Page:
For example, English Breakfast tea is popular in the West. It’s real tea, but in a Chinese sense it’s even lower in quality than the equivalent of table wine. It’s very poor quality, which is probably why Westerners doctor it with milk and sugar.

Red tea wilting in the sun in the Wu Liang Shan mountain range.

What is authentic tea in Chinese culture?

In the Western world, anything that’s dried and rehydrated with hot water is tea. From a Chinese perspective, tea needs to come from the Camellia sinensis tea plant.It’s actually analogous to wine. We have plum wine, apple wine, and raspberry wine. However, real wine comes from grapes.

Teas such as rosebud tea, lavender tea, or chamomile tea are herbal teas and don’t come from the actual tea plant. They should be called tisanes.

Additionally, teas like Earl Gray and jasmine are not traditional teas because they are flavoured. Just like you wouldn’t take a good bottle of wine and make it into sangria, you wouldn’t take quality tea and flavour it.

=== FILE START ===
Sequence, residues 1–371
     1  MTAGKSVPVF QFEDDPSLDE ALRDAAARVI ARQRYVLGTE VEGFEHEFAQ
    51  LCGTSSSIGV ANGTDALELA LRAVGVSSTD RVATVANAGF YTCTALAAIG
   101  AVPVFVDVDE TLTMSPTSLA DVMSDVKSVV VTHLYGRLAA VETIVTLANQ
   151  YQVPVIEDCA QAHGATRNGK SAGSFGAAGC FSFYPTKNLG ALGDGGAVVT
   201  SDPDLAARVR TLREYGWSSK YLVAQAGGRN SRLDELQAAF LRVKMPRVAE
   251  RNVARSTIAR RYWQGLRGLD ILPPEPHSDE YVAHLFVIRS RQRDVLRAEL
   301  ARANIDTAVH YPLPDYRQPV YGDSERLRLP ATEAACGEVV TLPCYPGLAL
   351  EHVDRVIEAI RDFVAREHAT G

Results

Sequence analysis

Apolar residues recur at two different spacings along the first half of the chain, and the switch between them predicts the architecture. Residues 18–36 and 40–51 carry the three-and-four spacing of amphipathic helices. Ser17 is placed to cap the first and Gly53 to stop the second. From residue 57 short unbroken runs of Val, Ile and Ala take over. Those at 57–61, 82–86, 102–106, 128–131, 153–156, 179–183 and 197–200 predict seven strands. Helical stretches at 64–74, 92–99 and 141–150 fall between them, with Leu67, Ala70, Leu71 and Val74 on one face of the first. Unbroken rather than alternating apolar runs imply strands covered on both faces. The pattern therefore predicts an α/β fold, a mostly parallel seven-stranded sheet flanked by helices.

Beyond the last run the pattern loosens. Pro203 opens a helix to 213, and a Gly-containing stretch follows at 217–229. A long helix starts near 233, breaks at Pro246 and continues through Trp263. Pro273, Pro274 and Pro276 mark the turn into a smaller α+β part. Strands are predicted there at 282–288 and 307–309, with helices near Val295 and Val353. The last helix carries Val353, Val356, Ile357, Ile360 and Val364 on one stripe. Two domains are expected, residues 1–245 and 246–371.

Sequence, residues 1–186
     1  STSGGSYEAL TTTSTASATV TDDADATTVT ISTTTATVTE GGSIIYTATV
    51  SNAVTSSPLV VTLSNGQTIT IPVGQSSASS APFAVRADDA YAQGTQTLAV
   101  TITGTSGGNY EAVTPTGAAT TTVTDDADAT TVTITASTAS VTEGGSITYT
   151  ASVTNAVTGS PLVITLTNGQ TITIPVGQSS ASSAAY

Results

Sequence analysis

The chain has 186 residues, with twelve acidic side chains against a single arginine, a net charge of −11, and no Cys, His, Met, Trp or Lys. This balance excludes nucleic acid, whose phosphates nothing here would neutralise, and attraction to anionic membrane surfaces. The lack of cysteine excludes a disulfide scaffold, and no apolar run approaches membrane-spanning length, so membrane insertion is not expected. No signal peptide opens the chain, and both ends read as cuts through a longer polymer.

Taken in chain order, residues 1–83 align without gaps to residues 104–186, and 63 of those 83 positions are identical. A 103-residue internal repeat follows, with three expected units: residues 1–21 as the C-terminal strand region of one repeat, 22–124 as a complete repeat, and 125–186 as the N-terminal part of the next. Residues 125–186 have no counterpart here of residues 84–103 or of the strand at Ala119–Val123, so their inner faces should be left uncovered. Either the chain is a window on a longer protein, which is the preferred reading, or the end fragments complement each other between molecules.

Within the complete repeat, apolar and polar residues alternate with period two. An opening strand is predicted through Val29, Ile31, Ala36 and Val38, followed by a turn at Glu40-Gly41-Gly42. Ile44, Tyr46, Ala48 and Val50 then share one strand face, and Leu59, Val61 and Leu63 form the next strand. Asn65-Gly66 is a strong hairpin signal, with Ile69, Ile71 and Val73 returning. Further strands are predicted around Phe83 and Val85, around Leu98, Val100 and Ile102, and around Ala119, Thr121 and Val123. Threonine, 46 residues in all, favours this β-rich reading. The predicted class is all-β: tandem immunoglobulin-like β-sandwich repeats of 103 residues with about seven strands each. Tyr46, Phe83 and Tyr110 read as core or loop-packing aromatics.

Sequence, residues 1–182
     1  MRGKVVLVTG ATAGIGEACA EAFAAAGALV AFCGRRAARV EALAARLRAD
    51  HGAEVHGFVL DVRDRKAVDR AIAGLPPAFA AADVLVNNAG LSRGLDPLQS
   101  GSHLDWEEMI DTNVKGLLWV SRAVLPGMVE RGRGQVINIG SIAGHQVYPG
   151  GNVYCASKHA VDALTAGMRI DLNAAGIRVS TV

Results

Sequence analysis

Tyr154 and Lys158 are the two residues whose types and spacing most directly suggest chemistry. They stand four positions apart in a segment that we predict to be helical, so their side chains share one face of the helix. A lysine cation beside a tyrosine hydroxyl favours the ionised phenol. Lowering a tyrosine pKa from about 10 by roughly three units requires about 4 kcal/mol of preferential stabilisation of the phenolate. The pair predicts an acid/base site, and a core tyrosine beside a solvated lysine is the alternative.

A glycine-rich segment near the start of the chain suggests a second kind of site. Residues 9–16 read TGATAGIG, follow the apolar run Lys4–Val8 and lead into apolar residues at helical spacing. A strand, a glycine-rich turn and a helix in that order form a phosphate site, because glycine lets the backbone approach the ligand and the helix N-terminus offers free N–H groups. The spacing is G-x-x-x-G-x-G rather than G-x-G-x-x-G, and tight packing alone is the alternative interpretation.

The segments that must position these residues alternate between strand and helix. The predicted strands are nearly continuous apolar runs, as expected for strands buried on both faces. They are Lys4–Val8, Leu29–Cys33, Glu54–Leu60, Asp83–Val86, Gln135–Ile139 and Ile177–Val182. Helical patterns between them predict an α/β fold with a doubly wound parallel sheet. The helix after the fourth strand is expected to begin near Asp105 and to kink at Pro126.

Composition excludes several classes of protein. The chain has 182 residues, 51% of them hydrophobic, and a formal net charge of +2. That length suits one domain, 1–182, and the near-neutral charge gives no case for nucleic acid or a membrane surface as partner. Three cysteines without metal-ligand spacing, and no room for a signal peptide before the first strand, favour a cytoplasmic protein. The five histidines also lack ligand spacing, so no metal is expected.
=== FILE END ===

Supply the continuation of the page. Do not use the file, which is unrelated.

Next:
Is drinking tea therapeutic?

In China, tea is considered a very healthy drink. It’s gentle to your body and you can safely drink large quantities on a regular basis.

Chinese tea can also have a subtle balancing effect on the body. For example, in Chinese medicine, men have more yang energy or a warmer constitution. They should drink lighter, cooling teas, such as green tea, white tea, and raw pu-erh tea to balance themselves.

Additionally, if people have bad habits, such as consuming too much meat and alcohol, smoking, or sleeping in, these habits can raise their body temperature. Lighter-coloured teas can help rebalance the body.

On the other hand, women have more yin energy or a cooler constitution. To complement that nature, they should drink darker-coloured, warming teas like black, red, and roasted oolong teas.

Teng offers several educational tea courses and experiences, including the Tea Crash Course, a learning kit for brewing tea at home.

What wisdom can we gain from drinking quality Chinese tea?

People jokingly say that the easiest way for an uncultured person to appear more cultured is to drink tea. In fact, there’s a whole literature about the different virtues of tea.